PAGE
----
North Carolina Archaeological Time
The Contact Period in North Carolina
OVERVIEW || COAST || CENTRAL PIEDMONT || NORTH CENTRAL PIEDMONT || MOUNTAINS
The Contact Period along the North Carolina Coast
The archaeology of the Contact Period in North Carolina's coastal regions is strongly supplemented by early English exploration and settlement which began here in the late 1500s. As in the Piedmont, contact period archaeology near the coast involves terminal Late Woodland societies entering into trade and political relationships with Europeans.
Following the failed late 16th-century attempt by Sir Walter Raleigh to colonize the North Carolina coast, the successful settlement at Jamestown in Virginia in 1607 gave the English the toehold they needed to expand. However, even with the successful founding of Jamestown, North Carolina's Indians were given a fifty-year respite before having to deal with Europeans again.
Around 1650, Virginia settlers began to push southward along the coast, starting with the Albemarle region. For the most part, settlers did not venture very far inland at first. Instead they spread southward and stayed near the coast. By 1675 the southern shore of Albemarle was settled, and by 1691 newcomers were settling along Pamlico River. Soon after the beginning of the 18th-century the area of the Neuse River was settled.
Land-grabbing by aggressive colonists and the disruptions caused by the illegal, but lively, trade in Indian slaves that had sprung up after the founding of Charles Town in South Carolina, soon caused an unbearable state of relations between the colonists and tribes and lead to the Tuscarora War, in which two thousand Tuscarora were killed or sold into slavery. Many of the remnants fo the tribe moved to Pennsylvania and New York.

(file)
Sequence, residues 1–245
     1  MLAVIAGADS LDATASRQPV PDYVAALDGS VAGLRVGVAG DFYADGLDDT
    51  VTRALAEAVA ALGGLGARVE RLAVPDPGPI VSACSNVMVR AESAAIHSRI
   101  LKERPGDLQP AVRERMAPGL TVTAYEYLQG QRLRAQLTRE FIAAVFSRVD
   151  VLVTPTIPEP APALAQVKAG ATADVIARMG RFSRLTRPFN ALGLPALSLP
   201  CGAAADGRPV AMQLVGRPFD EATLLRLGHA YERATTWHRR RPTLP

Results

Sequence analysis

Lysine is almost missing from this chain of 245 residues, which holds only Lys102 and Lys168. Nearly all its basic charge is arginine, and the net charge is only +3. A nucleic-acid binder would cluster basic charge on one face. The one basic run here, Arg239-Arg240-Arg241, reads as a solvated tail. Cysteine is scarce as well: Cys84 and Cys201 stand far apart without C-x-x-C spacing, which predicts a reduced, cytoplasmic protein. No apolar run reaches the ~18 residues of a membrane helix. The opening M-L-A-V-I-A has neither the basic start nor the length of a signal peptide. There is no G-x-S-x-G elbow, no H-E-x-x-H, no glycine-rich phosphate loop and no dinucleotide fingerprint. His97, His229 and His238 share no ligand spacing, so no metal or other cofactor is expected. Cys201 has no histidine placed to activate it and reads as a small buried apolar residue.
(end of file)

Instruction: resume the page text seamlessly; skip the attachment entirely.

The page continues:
In coastal regions archaeology is just beginning to supplement early historic accounts. An Algonkian village thought to be Croaton has been excavated on Hatteras Island. Amity, a mid-17th century village near Lake Mattamuskeet in Hyde County, has been excavated, and work has been done on the historic Tuscarora communities and forts. There is a great deal yet to discover about the archaeology of the Contact period along the coast.
Pottery-making, subsistence, and patterns of settlement seem to have not changed much during the first part of the Contact period along the coast. Ceramics similar to those of the Cashie, Colington, and White Oak/Oak Island phases continued to be made. Longhouses were still used and a mixed economy based on hunting, gathering, fishing, shell-fish, and agriculture continued. However, aboriginal life was rapidly disrupted as outsiders moved in. By 1701 John Lawson was able to observe that the coastal tribes were "very much decreased."